An afternoon session at St Peters hall on Saturday was attended by the keen imagers to compare notes and share constructive suggestions. The four hours enabled the popular software for astro-imaging to get a thorough examination from the experts and non-experts (that’ll be me then).
Here’s a couple of thumbnails of Robert, Christine and Tim’s sessions.
With thanks to Alun and Peter for organizing and, of course, the contributors. Not forgetting Mrs Bond’s meagre housekeeping allowance that supplied the coffee 🙂
Saturday 22nd and Sunday 23rd March were busy evenings with about 100 visitors each evening.
This year our venue was the Museum of English Rural Life. Thanks to the British Science Association for providing the exhibition, logistics and refreshments.
The evenings were clear and we had good views of Jupiter from the surprisingly dark lawn at the museum.
Winter Solstice Meeting.
Everyone knows the earth’s tilt causes deep rooted cultural and agricultural effects on human society, as well as dominating wild nature. For example, it has caused some species to suspend animation by hibernation. In former days there were important calendrical factors such as the correct season to plant crops, but modern life often throws up a cultural nuttiness.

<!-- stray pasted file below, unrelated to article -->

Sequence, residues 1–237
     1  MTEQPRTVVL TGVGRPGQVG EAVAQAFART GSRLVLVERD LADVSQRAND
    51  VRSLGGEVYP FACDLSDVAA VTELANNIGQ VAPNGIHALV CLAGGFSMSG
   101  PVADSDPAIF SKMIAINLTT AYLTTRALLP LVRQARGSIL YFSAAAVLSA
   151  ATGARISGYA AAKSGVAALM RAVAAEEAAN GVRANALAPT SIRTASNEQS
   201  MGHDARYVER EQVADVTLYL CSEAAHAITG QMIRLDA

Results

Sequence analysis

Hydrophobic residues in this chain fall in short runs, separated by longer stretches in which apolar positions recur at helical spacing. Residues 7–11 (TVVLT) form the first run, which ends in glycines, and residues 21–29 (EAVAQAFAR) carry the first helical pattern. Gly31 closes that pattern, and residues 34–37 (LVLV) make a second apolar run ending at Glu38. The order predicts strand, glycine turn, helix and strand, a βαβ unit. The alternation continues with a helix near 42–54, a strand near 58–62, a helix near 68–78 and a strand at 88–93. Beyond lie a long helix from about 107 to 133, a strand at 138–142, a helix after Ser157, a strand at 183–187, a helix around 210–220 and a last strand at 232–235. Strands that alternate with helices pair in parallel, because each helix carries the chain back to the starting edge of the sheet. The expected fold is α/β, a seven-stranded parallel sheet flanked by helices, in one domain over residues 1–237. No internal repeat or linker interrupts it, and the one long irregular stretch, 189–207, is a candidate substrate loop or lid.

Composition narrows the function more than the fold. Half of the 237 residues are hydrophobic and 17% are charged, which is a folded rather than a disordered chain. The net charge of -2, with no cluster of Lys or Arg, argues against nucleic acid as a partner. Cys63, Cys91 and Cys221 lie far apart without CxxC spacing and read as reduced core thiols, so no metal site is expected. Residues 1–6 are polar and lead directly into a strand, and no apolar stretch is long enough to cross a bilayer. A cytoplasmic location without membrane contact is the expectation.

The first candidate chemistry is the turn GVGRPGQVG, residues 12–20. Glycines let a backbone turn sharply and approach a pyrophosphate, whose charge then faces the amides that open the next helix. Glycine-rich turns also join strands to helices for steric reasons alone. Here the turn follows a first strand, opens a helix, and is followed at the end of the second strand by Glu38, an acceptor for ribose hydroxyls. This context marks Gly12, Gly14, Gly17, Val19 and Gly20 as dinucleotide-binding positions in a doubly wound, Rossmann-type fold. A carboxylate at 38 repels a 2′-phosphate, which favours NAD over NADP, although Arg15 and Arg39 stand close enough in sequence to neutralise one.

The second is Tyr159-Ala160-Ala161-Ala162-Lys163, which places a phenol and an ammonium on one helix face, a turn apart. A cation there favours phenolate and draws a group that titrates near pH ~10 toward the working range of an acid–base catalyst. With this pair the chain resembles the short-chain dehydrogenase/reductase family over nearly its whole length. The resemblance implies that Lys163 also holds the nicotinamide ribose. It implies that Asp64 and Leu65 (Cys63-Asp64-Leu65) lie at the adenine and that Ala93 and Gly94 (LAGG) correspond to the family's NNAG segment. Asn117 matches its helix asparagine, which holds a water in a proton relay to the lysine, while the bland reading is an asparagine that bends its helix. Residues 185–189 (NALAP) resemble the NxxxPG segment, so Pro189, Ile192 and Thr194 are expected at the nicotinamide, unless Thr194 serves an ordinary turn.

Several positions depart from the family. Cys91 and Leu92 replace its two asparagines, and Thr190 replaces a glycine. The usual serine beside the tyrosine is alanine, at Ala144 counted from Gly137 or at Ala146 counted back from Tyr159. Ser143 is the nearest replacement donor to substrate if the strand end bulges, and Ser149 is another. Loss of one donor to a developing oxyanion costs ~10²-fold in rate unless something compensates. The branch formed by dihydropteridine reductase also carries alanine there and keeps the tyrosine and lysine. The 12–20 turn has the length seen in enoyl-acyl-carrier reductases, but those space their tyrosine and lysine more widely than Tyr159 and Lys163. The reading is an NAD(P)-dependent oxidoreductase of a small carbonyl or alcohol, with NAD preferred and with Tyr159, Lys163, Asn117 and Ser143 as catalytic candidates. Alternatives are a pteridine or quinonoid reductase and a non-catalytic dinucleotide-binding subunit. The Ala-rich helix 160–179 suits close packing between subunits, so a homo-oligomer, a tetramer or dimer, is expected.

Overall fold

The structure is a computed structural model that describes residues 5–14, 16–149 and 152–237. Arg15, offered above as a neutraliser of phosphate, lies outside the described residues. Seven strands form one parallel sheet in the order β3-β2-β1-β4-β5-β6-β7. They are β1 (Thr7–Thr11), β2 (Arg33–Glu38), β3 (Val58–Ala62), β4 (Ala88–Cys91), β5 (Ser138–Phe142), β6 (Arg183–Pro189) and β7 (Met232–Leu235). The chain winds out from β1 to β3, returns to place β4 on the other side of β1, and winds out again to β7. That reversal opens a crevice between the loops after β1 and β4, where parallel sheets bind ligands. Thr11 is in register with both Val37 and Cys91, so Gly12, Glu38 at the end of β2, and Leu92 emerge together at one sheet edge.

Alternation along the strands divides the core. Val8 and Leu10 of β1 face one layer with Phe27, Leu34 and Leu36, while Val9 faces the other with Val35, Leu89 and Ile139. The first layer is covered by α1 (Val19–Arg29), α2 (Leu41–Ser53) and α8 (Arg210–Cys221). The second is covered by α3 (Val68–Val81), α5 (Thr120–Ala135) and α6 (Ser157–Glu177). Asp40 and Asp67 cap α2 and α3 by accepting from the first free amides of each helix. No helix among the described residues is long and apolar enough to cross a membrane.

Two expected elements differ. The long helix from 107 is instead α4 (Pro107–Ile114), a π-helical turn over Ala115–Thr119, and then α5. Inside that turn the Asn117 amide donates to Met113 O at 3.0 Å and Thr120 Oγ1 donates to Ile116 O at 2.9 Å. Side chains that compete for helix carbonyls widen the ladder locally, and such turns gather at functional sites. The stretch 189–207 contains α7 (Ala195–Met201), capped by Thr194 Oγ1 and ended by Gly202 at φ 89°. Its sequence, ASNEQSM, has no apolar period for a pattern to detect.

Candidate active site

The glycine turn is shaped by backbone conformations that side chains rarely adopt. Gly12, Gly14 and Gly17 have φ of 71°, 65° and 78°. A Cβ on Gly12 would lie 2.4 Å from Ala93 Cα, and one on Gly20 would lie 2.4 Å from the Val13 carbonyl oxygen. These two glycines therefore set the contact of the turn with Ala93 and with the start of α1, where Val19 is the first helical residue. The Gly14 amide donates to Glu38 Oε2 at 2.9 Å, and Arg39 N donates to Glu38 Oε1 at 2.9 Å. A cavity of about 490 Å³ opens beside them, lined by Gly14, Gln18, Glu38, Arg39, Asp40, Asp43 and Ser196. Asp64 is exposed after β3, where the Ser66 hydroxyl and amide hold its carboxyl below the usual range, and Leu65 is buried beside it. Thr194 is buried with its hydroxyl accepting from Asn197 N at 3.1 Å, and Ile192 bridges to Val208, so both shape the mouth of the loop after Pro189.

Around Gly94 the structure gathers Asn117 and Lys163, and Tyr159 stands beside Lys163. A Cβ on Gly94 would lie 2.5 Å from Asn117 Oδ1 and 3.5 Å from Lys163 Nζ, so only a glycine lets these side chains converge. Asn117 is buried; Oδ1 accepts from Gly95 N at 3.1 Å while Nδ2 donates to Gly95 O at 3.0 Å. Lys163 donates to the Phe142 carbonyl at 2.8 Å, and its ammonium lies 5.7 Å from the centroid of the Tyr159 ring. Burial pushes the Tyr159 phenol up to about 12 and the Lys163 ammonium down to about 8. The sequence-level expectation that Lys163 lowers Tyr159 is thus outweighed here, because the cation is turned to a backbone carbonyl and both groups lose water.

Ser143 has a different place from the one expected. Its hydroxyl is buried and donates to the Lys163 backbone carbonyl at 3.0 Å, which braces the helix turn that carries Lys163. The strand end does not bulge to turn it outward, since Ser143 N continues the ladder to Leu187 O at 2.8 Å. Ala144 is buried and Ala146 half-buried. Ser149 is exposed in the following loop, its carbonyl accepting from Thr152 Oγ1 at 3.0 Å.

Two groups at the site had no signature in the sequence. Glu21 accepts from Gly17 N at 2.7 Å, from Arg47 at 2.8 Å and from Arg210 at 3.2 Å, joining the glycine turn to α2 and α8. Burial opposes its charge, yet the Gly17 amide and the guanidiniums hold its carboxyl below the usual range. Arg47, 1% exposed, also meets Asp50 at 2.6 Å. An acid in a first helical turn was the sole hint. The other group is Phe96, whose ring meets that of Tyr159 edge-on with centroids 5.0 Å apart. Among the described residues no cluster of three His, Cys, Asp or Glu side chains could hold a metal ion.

We will take a look at the oddities of this situation as well as looking at how calendars and time-keeping evolved. We will finish with a quick summary our star’s workings and the images from SOHO that are so important.
Doors open at 7pm for setting up and conversation.
We have a change of venue for this year’s effort. Click on the poster for programme of park’s events this month.
Please come along, either to help or as a visitor. The society will provide some short talks indoors, and if the weather is OK, there will be a good selection of telescopes to view the night sky. Bright objects only, it’s not a properly dark sky. We have telescopes available if you don’t have your own.
MEMBERS: If you can help in any way – and you really DON’T need a lot of expert knowledge – please let me know. We’ll need telescopes and helpers, plus a few who would like to give a 10-15 minute talk on anything astronomical. I’ve got a talk on meteors; if you have one on Comet ISON, or constellations, imaging, whatever, it would be very welcome. This should attract a lot of younger people, so nothing too technical.
Thanks, Chris. RAS Sec’
Meeting point – location